Skip to comments.Our view: Jauch, Wisconsin losers in missed mining venture
Posted on 03/08/2012 5:54:54 PM PST by Hunton Peck
A couple of years back, along Wisconsins borders, three words were added to the bottoms of the Wisconsin Welcomes You signs. Open for business, the additions announced.
But is Wisconsin? Really?
You wouldnt have known it this week, not after the states Senate rejected mining legislation despite months of dealings and negotiations. Frustratingly, deliberations devolved into divisive, bitter debates along party lines. While politicians seemed to be doing little more than jockeying for credit while making sure the other party couldnt score a victory, the state and especially northern Wisconsin was losing.
We lost big.
In the wake of the Senates rejection, Gogebic Taconite LLC threw up its hands in frustration and abandoned Wisconsin. The prominent mining company took with it $1.5 billion of promised private investment and 600 to 700 good-paying jobs, and in a region racked by low wages and high unemployment.
We get the message, Gogebic President Bill Williams said in a statement. Senate rejection of the mining reforms (sent) a clear message that Wisconsin will not welcome iron mining.
And is not open for business, not really.
Gogebic proposed the same sort of open-pit mining thats been going on safely and successfully across northern Minnesota for more than 100 years. There suddenly are concerns? The proposal wasnt for a more-controversial type of mining, though you wouldnt have known it listening to critics who seemed either confused or eager to spread misinformation. Gogebic proposed a mechanical process. There werent even to be chemicals involved.
Gogebic proposed something else, too: a set time frame for knowing whether necessary permits would be forthcoming. A deadline seemed a reasonable request, especially with current state law including a rather business-unfriendly, open-ended permitting process that can leave companies tied up and in limbo for years.
The proposed mine site in Ashland and Iron counties is within the district represented by Sen. Bob Jauch, D-Poplar. Thats the same Sen. Jauch who threw a political tantrum last year and fled to Illinois, abandoning his post and his responsibilities. He should have been a leader in making sure Gogebics proposal became reality. Instead he offered delays and counterproposals, and he consistently opposed what was brought by Republicans.
Jauch didnt return a phone message from the News Tribune Opinion page Wednesday. His office instead provided a statement also posted to Jauchs website, legis.wisconsin.gov/
senate/jauch. In it, Jauch expressed disappointment at Gogebics decision.
With its ability to move forward thwarted by Wisconsin politicians, Gogebic is expected to take its
$1.5 billion to neighboring Michigan, where it already has had positive talks with state leaders. Michigans gain could be Wisconsins loss.
We let something slip away, Assembly Speaker Jeff Fitzgerald, R-Horicon, said in a Milwaukee Journal Sentinel report yesterday. Added James Buchen of Wisconsins largest business lobby: Its a missed opportunity for the folks in northern Wisconsin to have an economically secure future.
Thats a northern Wisconsin with a jobless rate of about 9 percent in Iron and Ashland counties and a median income in Iron County of $35,618. The statewide median income is $51,598.
Simply put, the folks up (here) really need good-
paying jobs and the attendant growth in business that comes with this kind of economic development, Joe Karius, retired publisher of the Daily Globe newspaper in Ironwood, Mich., wrote in a commentary last month in the News Tribune about the Gogebic proposal. Getting this mine going makes economic sense even beyond job creation. On a grand scale, getting iron ore out of United States soil reduces our dependence on imports.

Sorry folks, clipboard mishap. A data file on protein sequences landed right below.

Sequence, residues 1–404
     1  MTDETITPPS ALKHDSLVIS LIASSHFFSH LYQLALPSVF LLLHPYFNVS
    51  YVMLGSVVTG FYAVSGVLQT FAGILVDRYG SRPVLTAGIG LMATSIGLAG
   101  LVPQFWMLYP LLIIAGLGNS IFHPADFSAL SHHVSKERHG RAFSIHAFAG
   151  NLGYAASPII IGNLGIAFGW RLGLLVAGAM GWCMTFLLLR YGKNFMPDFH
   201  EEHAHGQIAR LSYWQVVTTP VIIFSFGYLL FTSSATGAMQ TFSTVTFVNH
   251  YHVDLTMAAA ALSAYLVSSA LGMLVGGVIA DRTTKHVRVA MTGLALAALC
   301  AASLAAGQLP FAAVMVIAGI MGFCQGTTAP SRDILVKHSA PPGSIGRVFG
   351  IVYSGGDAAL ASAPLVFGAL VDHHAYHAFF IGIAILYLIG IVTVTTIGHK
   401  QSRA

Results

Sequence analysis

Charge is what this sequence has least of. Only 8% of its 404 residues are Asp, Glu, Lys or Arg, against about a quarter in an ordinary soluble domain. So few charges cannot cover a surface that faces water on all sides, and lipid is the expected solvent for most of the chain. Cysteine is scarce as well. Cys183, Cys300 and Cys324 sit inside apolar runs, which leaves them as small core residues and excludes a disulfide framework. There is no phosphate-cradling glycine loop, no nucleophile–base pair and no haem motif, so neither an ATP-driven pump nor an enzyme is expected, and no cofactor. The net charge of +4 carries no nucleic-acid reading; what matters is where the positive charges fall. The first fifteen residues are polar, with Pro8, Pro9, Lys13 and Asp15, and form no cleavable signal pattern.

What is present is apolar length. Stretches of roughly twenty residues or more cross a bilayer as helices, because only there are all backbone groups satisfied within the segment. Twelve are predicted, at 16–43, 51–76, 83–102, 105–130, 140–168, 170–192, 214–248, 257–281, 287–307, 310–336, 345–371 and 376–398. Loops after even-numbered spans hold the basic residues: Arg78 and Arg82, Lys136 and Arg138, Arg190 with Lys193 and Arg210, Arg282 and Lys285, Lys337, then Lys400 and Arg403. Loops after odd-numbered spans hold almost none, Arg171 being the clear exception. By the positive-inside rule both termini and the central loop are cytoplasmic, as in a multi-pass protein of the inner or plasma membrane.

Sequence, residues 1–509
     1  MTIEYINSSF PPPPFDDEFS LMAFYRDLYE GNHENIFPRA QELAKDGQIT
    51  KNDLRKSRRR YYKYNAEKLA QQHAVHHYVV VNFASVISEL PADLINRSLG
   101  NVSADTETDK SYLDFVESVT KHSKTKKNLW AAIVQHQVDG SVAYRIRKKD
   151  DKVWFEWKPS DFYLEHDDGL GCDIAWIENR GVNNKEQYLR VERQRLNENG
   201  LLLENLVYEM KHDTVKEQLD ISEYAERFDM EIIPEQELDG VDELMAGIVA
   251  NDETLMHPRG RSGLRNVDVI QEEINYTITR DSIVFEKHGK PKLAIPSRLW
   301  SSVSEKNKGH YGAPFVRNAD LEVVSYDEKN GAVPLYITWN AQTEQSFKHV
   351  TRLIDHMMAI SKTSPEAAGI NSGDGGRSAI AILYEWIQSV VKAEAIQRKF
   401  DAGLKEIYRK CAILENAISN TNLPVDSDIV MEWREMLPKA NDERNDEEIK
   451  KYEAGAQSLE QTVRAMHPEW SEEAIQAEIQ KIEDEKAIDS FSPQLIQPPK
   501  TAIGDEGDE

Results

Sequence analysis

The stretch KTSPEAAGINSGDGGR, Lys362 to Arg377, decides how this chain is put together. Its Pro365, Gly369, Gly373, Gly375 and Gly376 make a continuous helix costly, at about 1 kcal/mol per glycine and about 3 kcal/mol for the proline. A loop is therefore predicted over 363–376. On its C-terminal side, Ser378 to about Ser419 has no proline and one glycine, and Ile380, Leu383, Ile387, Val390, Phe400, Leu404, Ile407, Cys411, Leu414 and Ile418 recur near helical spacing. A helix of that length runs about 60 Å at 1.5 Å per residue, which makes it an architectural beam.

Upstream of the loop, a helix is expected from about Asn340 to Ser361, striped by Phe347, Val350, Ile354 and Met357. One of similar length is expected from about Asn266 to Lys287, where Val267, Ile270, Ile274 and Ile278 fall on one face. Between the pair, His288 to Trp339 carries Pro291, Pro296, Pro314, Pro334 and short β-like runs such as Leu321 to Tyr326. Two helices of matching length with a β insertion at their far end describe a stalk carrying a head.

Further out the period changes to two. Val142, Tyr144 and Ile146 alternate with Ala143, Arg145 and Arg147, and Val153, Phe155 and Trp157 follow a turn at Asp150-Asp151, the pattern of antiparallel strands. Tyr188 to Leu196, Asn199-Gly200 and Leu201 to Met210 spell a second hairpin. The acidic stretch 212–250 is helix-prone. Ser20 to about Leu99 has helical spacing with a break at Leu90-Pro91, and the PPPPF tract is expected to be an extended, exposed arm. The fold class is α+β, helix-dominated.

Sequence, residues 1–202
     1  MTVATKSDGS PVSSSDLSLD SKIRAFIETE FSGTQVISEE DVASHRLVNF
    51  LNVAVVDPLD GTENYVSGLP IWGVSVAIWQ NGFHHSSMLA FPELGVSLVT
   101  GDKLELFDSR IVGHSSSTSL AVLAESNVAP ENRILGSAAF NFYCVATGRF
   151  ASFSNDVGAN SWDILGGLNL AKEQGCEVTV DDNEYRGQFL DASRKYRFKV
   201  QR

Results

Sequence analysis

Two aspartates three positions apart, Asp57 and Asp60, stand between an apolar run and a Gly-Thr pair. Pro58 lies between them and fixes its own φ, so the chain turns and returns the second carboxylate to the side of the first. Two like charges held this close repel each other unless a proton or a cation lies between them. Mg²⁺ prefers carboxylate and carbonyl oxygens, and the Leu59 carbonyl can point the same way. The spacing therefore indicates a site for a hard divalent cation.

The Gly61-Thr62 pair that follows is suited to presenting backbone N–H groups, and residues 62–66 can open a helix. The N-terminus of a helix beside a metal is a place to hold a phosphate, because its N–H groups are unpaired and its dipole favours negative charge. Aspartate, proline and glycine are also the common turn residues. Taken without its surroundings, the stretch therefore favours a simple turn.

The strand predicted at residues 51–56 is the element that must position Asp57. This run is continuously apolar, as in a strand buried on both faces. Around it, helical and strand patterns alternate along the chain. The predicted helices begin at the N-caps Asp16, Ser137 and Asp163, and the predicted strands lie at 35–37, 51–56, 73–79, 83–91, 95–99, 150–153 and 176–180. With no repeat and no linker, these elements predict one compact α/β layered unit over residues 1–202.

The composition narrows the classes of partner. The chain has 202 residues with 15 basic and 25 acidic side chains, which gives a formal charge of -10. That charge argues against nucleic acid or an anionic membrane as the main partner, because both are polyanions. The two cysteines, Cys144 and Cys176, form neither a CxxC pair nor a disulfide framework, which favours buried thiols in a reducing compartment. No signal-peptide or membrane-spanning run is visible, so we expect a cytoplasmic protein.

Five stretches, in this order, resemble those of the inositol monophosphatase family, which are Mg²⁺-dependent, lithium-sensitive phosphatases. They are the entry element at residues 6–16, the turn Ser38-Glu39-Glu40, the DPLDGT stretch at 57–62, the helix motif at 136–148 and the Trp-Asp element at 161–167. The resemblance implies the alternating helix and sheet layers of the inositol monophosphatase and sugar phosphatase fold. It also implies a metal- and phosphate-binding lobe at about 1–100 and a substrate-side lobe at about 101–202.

That all seems lost now lost, apparently, to the political posturing and gamesmanship of politicians who should have been focused on the people and the region they were elected to represent and help.
The fleebagging senator, Bob Jauch, referred to, represents the WI district adjacent to Duluth.
This ALL thanks to Wisconsin DEMOCRATS and Rep. State Senator Dale Schultz....but then I repeat myself
Wisconsin loses mining company ping
FReep Mail me if you want on, or off, this Wisconsin interest ping list.
The Dumbocrats in Wisconsin won’t support anything that may make Gov. Walker look good, hence the vote to kill the mining bill. They figured they could vote it down, recall Walker, then pass it and act like job-creator heroes. But, when they voted it down, with the help of a mega-RINO Schultz, the mining company said, “see ya later, we’ll go to where we’re welcomed.” That stunned the Dumbocrats who now realize they blew it, they’re looking like job and economy killers, and their hate-Walker mantra shines brighter.
This is truly sad.
There once was a time when every little town in Wisconsin had a dairy or paper mill or some other industry based on local resources. Not so much any more.
“But, when they voted it down, with the help of a mega-RINO Schultz, the mining company said, see ya later, well go to where were welcomed.
Looks as though the Wisconsin Pubbies need to do something about Dale Schultz! Things will not get better until there is discipline within the ranks of the GOP. We can’t wait for the likes of Shultz ( like his counterpart up on Maine Sen. Snowe) to decide to retire. Guys like Schultz need to know that not being on the “team” will have dire consequences. Getting rid of Schultz is as important as having Little Dennis Kuchinich loose his seat.
Bump! Milwaukee Journal-Sentinel says this is all Walker’s fault.
It’s the most twisted logic I have ever seen.